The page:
attorneys boldly push forward in a profession that causes even the most
dedicated to resign within their first year. The depiction of physical and
emotional exhaustion combined with pure determination is unforgettable and
inspiring. Winner, Editing Award: U.S. Documentary, 2013 Sundance Film Festival.
Girlhood tells two coming-of-age stories
from the real America: Shanae, ten years old when she
was gang-raped by five boys, responded by drinking
and drugging, and then graduated to murder, with the
stabbing death of a friend, at age 11. Megan, whose
mother abandoned her to turn tricks to support her
ravaging heroin addiction, ran away from ten
different foster homes before being arrested for
attacking another foster child with a box cutter.
Both girls ended up in the Waxter Juvenile Facility,
home to Maryland's most violent juvenile offenders.
It is here that their journeys really begin. Produced
and Directed by Liz Garbus. Produced by Rory Kennedy.
The Gray Area
"The Grey Area" is an intimate look at women's issues in the criminal
justice system and the unique experience of studying feminism behind bars.
Through a series of captivating class discussions, headed by students from
Grinnell College, a small group of women who are incarcerated at a maximum
security women's prison in Mitchellville, Iowa, share their diverse experiences
with motherhood, drug addiction, sexual abuse, murder, and life in prison . The
women, along with their teachers, explore the ambiguous 'grey area' that is
often invisible within the prison walls, and delve into issues of gender,
sexuality, class and race.
Hard Road Home
Odds are that if you go to prison and are lucky
enough to get out, you'll be going back sometime
soon. Julio Medina, however, beat the odds. A
drug-dealing gang leader when he entered prison,
Julio left 12 years later a changed man. He created
Exodus Transitional Community, a program in Harlem
dedicated to breaking the cycle of incarceration that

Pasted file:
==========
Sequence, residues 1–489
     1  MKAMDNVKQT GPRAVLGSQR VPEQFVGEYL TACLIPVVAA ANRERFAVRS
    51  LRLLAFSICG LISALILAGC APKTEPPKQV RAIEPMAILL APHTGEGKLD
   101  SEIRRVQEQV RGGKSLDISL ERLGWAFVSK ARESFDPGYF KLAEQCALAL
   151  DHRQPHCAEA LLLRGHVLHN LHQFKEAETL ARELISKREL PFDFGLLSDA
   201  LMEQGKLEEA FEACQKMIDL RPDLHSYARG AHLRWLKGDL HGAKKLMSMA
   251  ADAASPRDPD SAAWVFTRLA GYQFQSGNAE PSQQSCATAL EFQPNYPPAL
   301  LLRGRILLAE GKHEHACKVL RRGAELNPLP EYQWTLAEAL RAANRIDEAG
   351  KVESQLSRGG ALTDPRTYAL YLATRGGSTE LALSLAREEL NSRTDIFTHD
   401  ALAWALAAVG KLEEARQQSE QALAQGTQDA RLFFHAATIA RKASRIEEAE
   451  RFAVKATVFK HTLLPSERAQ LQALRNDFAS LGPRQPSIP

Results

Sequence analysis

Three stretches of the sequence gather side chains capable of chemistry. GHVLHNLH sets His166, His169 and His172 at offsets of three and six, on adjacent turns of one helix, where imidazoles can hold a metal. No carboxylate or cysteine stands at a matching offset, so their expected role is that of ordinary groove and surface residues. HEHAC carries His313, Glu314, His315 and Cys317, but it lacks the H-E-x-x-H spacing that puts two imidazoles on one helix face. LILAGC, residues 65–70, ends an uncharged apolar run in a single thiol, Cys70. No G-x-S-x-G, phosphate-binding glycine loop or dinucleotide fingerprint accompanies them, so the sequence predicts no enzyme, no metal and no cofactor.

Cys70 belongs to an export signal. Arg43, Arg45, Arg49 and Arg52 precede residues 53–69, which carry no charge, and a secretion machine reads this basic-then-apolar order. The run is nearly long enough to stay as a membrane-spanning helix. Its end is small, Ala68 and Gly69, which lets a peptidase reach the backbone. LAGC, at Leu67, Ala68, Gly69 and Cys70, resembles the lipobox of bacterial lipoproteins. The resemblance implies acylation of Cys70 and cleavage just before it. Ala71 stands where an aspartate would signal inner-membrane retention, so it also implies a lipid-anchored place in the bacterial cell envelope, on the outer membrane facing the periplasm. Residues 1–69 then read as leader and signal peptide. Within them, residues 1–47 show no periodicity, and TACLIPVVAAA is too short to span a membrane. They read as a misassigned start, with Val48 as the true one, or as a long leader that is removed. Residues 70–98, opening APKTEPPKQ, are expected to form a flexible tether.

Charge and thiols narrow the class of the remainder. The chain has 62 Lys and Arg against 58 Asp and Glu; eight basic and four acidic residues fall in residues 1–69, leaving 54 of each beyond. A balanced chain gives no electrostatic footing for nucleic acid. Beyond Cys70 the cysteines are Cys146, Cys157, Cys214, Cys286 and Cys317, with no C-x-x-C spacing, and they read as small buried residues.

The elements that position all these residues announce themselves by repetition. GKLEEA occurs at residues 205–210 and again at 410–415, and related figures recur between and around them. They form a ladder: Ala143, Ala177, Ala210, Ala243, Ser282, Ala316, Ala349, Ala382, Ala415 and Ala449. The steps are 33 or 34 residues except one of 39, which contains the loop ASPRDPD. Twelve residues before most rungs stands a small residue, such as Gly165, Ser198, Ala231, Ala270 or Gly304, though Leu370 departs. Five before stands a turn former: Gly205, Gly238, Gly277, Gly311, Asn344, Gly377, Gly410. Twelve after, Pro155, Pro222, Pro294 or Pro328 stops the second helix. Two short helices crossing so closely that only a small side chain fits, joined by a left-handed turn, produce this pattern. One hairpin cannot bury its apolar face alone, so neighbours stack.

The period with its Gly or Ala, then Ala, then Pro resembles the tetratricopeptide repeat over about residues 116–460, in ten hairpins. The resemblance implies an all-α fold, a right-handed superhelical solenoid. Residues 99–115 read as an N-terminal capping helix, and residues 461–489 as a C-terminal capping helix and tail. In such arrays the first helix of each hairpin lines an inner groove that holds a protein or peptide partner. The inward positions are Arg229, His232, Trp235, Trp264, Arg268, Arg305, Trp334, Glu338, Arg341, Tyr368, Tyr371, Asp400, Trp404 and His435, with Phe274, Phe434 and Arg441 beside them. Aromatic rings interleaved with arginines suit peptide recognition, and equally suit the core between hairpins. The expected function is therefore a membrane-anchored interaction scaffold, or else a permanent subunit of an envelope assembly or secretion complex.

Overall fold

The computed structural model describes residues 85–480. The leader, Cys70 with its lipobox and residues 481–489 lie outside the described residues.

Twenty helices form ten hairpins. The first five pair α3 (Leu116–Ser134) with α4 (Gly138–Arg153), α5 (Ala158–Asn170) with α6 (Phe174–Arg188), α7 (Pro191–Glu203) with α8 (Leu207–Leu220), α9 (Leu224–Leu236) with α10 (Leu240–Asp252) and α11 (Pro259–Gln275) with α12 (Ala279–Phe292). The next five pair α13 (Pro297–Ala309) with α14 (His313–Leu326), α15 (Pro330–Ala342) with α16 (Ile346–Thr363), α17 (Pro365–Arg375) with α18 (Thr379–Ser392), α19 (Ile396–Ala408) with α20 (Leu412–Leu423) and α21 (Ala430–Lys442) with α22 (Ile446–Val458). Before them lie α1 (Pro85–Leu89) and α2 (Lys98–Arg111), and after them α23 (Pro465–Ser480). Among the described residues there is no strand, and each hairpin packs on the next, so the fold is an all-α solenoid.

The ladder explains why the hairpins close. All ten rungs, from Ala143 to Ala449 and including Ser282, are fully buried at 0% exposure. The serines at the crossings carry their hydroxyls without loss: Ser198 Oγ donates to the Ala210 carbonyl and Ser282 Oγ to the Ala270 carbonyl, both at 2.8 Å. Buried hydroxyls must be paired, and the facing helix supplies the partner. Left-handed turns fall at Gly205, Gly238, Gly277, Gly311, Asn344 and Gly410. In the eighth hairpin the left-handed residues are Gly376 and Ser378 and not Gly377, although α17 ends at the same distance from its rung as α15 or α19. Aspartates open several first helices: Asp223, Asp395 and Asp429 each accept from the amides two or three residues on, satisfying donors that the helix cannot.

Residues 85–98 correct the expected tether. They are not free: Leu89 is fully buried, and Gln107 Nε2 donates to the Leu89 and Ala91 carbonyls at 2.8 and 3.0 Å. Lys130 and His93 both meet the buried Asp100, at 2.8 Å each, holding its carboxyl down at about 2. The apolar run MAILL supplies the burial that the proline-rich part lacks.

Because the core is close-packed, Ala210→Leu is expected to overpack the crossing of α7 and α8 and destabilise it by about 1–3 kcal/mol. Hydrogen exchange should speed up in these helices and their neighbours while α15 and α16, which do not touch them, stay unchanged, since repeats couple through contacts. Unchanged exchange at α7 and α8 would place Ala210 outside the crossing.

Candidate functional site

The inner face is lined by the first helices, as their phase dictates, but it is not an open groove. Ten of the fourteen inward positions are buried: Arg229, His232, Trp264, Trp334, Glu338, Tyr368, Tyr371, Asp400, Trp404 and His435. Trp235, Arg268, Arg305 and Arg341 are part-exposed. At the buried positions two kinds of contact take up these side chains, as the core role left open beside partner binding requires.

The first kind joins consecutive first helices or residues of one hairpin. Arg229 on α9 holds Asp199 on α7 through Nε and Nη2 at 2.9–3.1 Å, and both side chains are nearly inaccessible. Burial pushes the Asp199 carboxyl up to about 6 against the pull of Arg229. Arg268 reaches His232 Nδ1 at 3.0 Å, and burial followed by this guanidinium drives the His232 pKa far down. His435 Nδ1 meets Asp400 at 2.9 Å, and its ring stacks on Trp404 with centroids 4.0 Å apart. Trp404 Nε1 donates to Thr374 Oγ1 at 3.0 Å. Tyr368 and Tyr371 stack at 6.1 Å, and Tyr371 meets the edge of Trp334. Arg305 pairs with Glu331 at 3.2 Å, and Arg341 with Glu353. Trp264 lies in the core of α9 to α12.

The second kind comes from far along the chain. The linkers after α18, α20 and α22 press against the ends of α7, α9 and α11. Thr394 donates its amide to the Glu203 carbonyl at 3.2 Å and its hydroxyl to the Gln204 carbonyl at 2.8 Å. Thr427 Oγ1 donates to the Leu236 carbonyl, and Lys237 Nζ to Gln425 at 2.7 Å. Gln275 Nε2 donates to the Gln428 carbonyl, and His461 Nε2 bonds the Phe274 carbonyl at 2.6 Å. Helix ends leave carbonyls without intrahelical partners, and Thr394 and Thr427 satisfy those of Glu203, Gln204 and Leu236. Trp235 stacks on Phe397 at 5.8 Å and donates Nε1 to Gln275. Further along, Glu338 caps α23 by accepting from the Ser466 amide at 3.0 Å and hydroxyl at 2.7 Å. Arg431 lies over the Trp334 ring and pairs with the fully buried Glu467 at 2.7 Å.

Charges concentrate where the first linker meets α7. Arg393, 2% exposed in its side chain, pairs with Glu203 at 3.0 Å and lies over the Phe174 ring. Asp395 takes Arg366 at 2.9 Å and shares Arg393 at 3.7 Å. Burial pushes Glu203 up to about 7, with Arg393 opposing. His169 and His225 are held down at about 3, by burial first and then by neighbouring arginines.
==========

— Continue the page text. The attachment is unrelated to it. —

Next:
ensnares so many. The trick to Exodus is that its
staff knows firsthand what it's like to go to jail.
They're all ex-cons - the baddest group of do-gooders
around, who reach out to their clients like nobody
else can. HARD ROAD HOME tells the story of this
high-risk, high-drama world and the extraordinary
task of turning around the fate of any person born
into it. A GreenHouse Pictures film. Directed by
Macky Alston, 2007.
How Do You Spell Murder?
Chronicles a year in the life of a group of men who are illiterate and incarcerated in New Jersey. It explores the powerful connection between illiteracy and crime. The film profiles several of student-tutor teams working together. The prisoners recount years of humiliation in the public school system, where they were either held back repeatedly or promoted without adequate preparation. Many have undiagnosed learning disorders. Almost all are dropouts. Their years of frustration and anger were brought to unyielding conclusions at criminal trials where they could barely grasp the legal documents and procedures that determined their fates. The film profiles one such student-tutor team from their first session through to a year later when the student can read. Inmate tutor Sammy recounts that he was functionally illiterate when he entered prison. While in prison he taught himself to read and is now a poet as well as a tutor.